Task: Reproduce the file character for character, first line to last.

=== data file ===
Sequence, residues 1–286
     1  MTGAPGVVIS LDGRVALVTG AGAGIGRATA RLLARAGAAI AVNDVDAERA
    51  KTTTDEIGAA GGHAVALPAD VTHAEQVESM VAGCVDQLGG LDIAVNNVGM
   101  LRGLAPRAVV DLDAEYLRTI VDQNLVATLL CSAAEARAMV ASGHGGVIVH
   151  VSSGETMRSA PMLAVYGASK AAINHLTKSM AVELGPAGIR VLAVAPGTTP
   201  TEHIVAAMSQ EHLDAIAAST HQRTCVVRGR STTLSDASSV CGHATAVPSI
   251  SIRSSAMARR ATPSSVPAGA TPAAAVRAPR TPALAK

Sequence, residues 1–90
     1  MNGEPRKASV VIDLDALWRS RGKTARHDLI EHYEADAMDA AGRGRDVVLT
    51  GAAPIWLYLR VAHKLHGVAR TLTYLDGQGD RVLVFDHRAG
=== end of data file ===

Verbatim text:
Sequence, residues 1–286
     1  MTGAPGVVIS LDGRVALVTG AGAGIGRATA RLLARAGAAI AVNDVDAERA
    51  KTTTDEIGAA GGHAVALPAD VTHAEQVESM VAGCVDQLGG LDIAVNNVGM
   101  LRGLAPRAVV DLDAEYLRTI VDQNLVATLL CSAAEARAMV ASGHGGVIVH
   151  VSSGETMRSA PMLAVYGASK AAINHLTKSM AVELGPAGIR VLAVAPGTTP
   201  TEHIVAAMSQ EHLDAIAAST HQRTCVVRGR STTLSDASSV CGHATAVPSI
   251  SIRSSAMARR ATPSSVPAGA TPAAAVRAPR TPALAK

Sequence, residues 1–90
     1  MNGEPRKASV VIDLDALWRS RGKTARHDLI EHYEADAMDA AGRGRDVVLT
    51  GAAPIWLYLR VAHKLHGVAR TLTYLDGQGD RVLVFDHRAG